Why I’m Walking Away From 9-5 And the Lessons It’s Taught Me

Sometime in October, I decided I no longer wanted to work for someone else. At least, not in the traditional sense.

One of my lifelong dreams has always been to become location independent for work, meaning, I want to be able to work from anywhere, anytime.

I thought about continuing to work for jobs that gave me opportunities to move, like my last job which brought me to San Francisco, but that experience only led me to realize I wanted even more mobility.

My goal for 2018 is to become location independent.

Before anyone thinks “That’s so brave of you!” I want to make it clear that this was one of the most difficult decisions I’ve ever had to make in my life and I did not make it lightly.

In fact, I tried to avoid this option for as long as possible. It wasn’t an option until I had no more options.

The truth was, I applied to several jobs and no one accepted me. But instead of feeling defeated, I felt relieved. This was a huge sign to me that I was heading the wrong way.

One afternoon, after I came back from another interview, I felt an uncontrollable urge to write.

And I couldn’t stop.

It was like a force took over me and I knew then that I couldn’t go back to the 9-5 lifestyle. It wasn’t for me and I had been trying to convince myself for years that it was.

So for the last few months, I stopped looking for jobs completely and dedicated all of my time to learning everything I can about becoming location independent.

Here’s what I’ve learned so far: 

1. There are thousands of ways to work online.

You can sell things, you can become a content creator, you can coach people and so much more. The secret to working online is figuring out what skills, experiences, and interests YOU have and turning it into a profitable digital skill. I enjoy writing and sharing ideas so I am learning to become a freelance writer.

2. You need to have rock-solid confidence.

Not only will other people look at you funny but you’ll look at your friends and wonder what the hell you’re doing, why you’re doing it and whether it’s all worth it. You’ll wonder if you’re crazy. You need to be able to stop these thoughts in their tracks and keep going. 

3. It’s rationally daunting but irrationally exciting.

Something I did not expect from choosing this path is how excited I am to work on my goals every day. You would think without a paycheck or a deadline, I would have trouble getting things done but actually, I have the opposite problem. I never know when to stop.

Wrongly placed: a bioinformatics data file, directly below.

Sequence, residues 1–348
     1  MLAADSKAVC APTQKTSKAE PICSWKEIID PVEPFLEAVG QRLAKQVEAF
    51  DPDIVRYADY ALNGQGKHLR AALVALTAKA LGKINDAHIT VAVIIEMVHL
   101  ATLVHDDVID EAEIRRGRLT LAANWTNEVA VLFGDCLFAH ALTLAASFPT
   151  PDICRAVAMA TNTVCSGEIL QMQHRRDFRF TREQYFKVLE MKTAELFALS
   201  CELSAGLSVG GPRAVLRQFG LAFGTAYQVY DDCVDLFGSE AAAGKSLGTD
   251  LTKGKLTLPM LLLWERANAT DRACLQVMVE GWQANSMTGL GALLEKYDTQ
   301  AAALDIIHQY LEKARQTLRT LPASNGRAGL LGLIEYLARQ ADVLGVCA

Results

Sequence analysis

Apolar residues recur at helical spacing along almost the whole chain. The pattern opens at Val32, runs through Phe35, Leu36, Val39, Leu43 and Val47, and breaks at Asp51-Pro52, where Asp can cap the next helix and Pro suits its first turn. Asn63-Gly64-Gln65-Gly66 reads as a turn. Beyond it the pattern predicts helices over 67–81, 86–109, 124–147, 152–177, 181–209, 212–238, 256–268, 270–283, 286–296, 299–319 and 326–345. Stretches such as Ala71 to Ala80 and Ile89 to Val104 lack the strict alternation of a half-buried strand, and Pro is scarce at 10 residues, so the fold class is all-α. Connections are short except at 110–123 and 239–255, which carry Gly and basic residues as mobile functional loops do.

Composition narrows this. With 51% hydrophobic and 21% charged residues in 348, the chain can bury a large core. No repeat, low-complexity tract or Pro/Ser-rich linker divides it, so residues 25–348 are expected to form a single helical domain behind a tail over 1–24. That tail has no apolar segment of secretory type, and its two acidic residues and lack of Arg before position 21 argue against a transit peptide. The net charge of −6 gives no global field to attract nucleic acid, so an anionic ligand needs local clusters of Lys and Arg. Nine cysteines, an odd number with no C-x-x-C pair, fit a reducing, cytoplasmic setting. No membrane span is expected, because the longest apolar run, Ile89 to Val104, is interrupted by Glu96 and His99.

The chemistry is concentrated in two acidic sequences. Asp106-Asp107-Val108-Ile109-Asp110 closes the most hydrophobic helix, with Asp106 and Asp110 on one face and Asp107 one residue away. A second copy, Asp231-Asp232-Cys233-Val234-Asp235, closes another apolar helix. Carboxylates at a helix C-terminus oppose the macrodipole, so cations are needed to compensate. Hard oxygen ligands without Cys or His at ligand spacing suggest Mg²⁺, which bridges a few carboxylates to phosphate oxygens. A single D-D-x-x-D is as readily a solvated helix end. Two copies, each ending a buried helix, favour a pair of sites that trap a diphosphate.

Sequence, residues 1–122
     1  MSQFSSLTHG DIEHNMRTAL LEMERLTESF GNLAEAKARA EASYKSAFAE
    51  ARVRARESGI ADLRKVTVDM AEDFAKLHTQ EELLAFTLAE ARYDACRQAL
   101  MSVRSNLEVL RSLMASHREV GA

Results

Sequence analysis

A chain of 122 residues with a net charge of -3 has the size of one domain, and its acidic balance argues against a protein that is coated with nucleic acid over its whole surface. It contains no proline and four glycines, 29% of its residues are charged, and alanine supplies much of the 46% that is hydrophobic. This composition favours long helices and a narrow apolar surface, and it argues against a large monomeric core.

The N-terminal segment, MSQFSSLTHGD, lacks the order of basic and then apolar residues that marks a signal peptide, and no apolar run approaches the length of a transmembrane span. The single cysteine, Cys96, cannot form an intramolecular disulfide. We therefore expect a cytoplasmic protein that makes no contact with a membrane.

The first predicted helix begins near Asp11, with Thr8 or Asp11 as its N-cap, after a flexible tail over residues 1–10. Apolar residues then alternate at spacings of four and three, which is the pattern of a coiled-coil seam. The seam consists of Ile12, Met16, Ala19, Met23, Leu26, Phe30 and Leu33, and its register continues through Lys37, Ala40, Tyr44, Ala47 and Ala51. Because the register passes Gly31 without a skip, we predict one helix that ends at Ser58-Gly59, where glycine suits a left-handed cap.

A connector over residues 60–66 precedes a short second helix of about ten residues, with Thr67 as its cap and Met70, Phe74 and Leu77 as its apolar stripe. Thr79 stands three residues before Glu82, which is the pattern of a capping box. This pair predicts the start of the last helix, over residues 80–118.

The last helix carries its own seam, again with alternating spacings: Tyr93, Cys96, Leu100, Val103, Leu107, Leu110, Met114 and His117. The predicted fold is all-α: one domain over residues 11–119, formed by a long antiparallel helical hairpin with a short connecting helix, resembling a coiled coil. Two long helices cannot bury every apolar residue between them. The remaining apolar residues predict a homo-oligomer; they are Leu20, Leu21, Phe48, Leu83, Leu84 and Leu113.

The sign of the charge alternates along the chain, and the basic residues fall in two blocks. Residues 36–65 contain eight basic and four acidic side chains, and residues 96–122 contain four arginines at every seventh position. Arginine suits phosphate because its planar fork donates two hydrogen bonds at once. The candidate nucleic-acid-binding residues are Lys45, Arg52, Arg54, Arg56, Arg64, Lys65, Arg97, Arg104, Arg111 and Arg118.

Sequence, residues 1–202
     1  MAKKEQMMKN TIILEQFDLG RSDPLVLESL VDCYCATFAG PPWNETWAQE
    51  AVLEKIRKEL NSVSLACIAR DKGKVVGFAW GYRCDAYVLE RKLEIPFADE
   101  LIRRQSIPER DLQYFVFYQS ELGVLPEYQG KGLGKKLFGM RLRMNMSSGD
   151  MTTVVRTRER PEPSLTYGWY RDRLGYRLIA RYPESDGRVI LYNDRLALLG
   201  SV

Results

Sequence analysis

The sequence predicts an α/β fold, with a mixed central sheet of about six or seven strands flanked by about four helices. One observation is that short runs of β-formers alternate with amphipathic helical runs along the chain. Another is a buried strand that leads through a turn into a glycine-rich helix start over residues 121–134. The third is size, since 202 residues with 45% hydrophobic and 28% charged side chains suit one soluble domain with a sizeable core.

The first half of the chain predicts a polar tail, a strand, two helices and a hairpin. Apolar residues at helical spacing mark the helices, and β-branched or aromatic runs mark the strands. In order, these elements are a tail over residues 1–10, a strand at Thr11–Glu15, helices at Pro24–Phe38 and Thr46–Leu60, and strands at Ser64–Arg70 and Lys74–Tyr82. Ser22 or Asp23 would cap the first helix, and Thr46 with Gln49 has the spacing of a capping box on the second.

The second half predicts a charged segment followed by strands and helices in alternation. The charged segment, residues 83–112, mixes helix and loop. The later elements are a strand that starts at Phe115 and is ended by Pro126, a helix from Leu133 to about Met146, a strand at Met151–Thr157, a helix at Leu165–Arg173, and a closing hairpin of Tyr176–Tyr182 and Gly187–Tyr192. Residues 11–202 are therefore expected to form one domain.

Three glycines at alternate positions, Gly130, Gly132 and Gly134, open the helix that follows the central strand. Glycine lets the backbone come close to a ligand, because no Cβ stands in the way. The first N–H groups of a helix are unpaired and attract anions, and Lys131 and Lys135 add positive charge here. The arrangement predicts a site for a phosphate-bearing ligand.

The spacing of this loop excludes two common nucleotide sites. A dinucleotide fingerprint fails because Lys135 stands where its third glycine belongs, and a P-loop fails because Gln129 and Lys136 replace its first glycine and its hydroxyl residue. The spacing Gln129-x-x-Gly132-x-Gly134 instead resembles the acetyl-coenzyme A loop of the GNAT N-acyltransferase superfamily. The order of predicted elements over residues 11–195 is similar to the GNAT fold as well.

4. You’ll feel like a baby who has to learn how to walk again.

The learning curve to working online is STEEP. You will feel like you’re standing at the bottom of the Himalayas with no guide and you’re crawling. There is so much to learn! Just Google “how to work online” and you’ll see. 

5. There is SO MUCH to read.

I would say 80% of my time is dedicated to reading. I feel like I’m back in college. The rest of the 20% is figuring out how to apply what I read and what I did wrong.

6. It’s lonely.

There are millions of people working online but offline? Crickets. People who work online, I’ve discovered, tend to be introverts, stay at home moms or dads, couples, or somewhere else in the world because that’s why they became digital in the first place. It sometimes makes me wonder if these people are real… are they?

7. You experience the highest of the highs and the lowest of the lows.

When you doubt yourself, it can feel like the end of the world. But when you finally figure something out, you’ll feel like you’re on top of the world. It’s a constant emotional rollercoaster and it’s draining.

travel, japan, solo travel, digital nomad
Hallelujah! I got a button to work on my website!

8. You better be ready to hustle.

It takes effort, time, and money to learn to work online. If you’re not willing to invest time nor money to get better, you cannot improve your skills. If you need to stay in your day job, that means sacrificing your evenings or weekends to learn the skills you need. If you can downsize, move back home with parents and work a part-time job (which is what I did) that means sacrificing money but having more time to learn. Either way, there are sacrifices.

In short?

Working online is NOT for you if:
… you hate reading and learning for hours.
… you need to see instantaneous results to trust that something is working.
… your only objective is to make money.
… you are easily bothered by other people’s comments.

Working online IS for you if:
… you are naturally inquisitive and love learning.
… you enjoy being alone.
… you see problems as challenges, not dead-ends.
… you can shake off setbacks and bounce back quickly by yourself.

Finally, ask yourself this: are you willing to choose risk over certainty?

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